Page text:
Eventually, we had to return to our room to get ready for our sunset ride off shore to get a different view of the city.  I had been suffering bad-hair karma since arriving; I blame it on the mean things I have said about Rand Paul’s curls.  First, my hair wrapped itself into

my own set of curls, and now, I burned it with a straight iron.  No more curl problem.  With tons of healing hair product, I was able to appear in public.  When Anna, our contact with Ocean Blue Oman, arrived to pick us up, we were delighted to have a face to match with the name at last.  Her parents, who were visiting from Poland, would join us in their  own private boat, where we were later served wine, nuts, fruit, dates and water as we cruised along the coastline past our hotel, communities, fortresses, mosques and the Sultan’s old palace.

Back at the hotel again, we quickly prepared for the evening.  Finally, I would be able to wear the lovely blue frock Tom had bought me way back in July in Old Colorado City just for this occasion.  We took pictures by the grand Christmas tree then went out to the patioT and S by Christmas Tree

where we were seated and elegantly served all evening.  After three and a half hours of dining, we strolled out onto the lawn and found ourselves a comfortable spot to sit on a lounge chair to the side of the band.  Although we could not get reservations for the beach party, we ended up with the best seats in the house – we could see everything.  After a satisfying performance, preparations began for the midnight hour.  People at beachside tables lit fires to warm the air in huge lanterns at their tables.  On cue, these were released at the same time and floated into the air and away toward the sea.   Then, we had our countdown to the new year, kissed and sang.  It was all very moving and exciting – more than I could have guessed.  Tired, we returned to our rooms and dropped into bed.

The next morning – today – we were awaked by room service encouraging us to get up so they could clean.  Merciless thugs.  We put them off an hour then breakfasted on the patio before retiring to the garden by the pool to lounge and read.  We were next to a pool with eight palm-tree islands growing out of its waters.  At noon, we enjoyed our three-hour New Year Brunch.  So much wonderful food.  I must stop!!!  It was Friday, the Muslim holy day, so after eating, we rested a couple of hours until the stores would open.  After, I bought hair serum to get my hair through its crisis until I get home and could have a hot air treatment.  Then, we caught a taxi to the souk.

We were able to finish all our shopping.  Two stores, which Anna had recommended, were especially helpful.  At one, the owner explained the various qualities of pashminas and showed us examples of each.  I bought two men’s headscarves from a pile we were shown.  Tom took a video of a demonstration on how to wrap the scarves on a head.  At another shop recommended by Anna, we were shown khanjars.  Tom picked out two for our son and son in law, and one for himself, a beautiful one, silver, inlaid with gold, made after the pattern used by the house of Said.  Very lovely!  From other, shops we bought pashminas and small gifts, but then  . . . We came to the gold market.

On both sides of a long alleyway were small shops with counter and wall cases filled with with gold jewelry – 21 and 22 carot gold, the color so rich it looks fake to a westerner accustomed to looking at our 14 carot jewelry.  I cannot imagine the millions of dollars in wealth represented by what I was seeing, and not a security guard insight. Ah! And all those women we had been unable to find?  They were all here in the gold souk, little black bundles lined up against the counters waiting their turns to talk with the proprietors.  There must have been over 100 black-shrouded ladies of unknown ages, mostly with eyes visible only.  The jewelry was sold by weight plus a charge for fabricating.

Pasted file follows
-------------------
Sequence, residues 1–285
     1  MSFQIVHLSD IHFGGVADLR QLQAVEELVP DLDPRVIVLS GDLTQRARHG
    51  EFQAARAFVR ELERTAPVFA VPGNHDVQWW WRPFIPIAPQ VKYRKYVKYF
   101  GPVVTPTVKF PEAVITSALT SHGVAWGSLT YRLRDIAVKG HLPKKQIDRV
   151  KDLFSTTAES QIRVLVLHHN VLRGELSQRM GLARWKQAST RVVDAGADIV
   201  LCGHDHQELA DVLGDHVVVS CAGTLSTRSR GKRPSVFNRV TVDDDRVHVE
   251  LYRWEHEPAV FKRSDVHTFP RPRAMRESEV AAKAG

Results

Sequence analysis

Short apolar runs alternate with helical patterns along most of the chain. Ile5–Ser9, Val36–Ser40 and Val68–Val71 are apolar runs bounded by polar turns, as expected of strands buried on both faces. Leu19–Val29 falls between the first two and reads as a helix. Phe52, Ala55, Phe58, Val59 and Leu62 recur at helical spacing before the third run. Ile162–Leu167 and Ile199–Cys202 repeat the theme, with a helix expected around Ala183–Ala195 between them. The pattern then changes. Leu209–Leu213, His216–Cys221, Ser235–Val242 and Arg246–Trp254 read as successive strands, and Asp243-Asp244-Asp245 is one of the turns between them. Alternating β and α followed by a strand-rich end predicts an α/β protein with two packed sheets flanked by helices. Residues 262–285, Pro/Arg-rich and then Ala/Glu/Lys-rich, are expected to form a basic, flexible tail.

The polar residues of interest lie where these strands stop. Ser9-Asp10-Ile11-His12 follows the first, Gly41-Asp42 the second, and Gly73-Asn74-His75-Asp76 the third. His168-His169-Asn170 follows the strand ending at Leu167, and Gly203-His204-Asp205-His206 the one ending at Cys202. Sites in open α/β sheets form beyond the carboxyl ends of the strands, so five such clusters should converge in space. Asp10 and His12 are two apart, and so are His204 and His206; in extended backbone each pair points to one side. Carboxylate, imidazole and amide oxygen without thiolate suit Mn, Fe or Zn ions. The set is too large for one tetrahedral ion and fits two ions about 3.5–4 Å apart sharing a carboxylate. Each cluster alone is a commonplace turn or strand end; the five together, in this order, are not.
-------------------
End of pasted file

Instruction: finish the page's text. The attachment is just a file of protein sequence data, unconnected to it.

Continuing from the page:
I found the shops full of women overwhelming and had decided to come back during the day when the local ladies would be at home.  But then, Tom and I found an empty store and decided to go in.  It proved to be a wonderful choice.  The young Omani man behind the counter had gone to school in England and was both willing and able to talk about his life and customs.  His father owned the shop, and he had eleven brothers and sisters.  After high school – college  he called it, distinguishing it from university – his father brought him home saying the university would spoil him.  We bought three sets of earrings from him, one each for Jodi, Dawn and myself.

With the purchase of myrrh and amber, my shopping was complete.  I would have liked a little box, but they were too big.   And I had a lot of boxes.  So, Tom and I climbed stairs to get a bite to eat by the market gate.  There on the wall was my new favorite of the ubiquitous pictures of the Sultan.  Most showed him looking benevolent, intelligent and stately.  In this one, he was in a military uniform with the warrior’s strong, hawkish demeanor, ready to attack or defend, capable protector of the nation.  Our taxi ride home was accompanied by something that sounded like a stock report – lots of numbers.  Again we dropped exhausted to our beds.



Taxi Drivers: Oman’s National Treasure

Just as I was starting to think I should have been studying Hindi in preparation for this trip, I discovered the treasure trove of Muscat’s taxi drivers!  It is almost worth the cost of the ride just for the language practice and tutorials.

We got a gem tonight on the way to the souk.  He has provided taxi services for 20 years and is a natural encourager and teacher.  A woman from our small town had taken a cruise, which stopped a day in Muscat – I spoke with her a couple of months ago.  After touring the Middle East, what did she come back raving about?  Her taxi driver who drove her all over as she travelled as a single woman alone.  He brought her home and his wife and children made her feel like part of their family for the evening.  Muscat’s unsung heroes!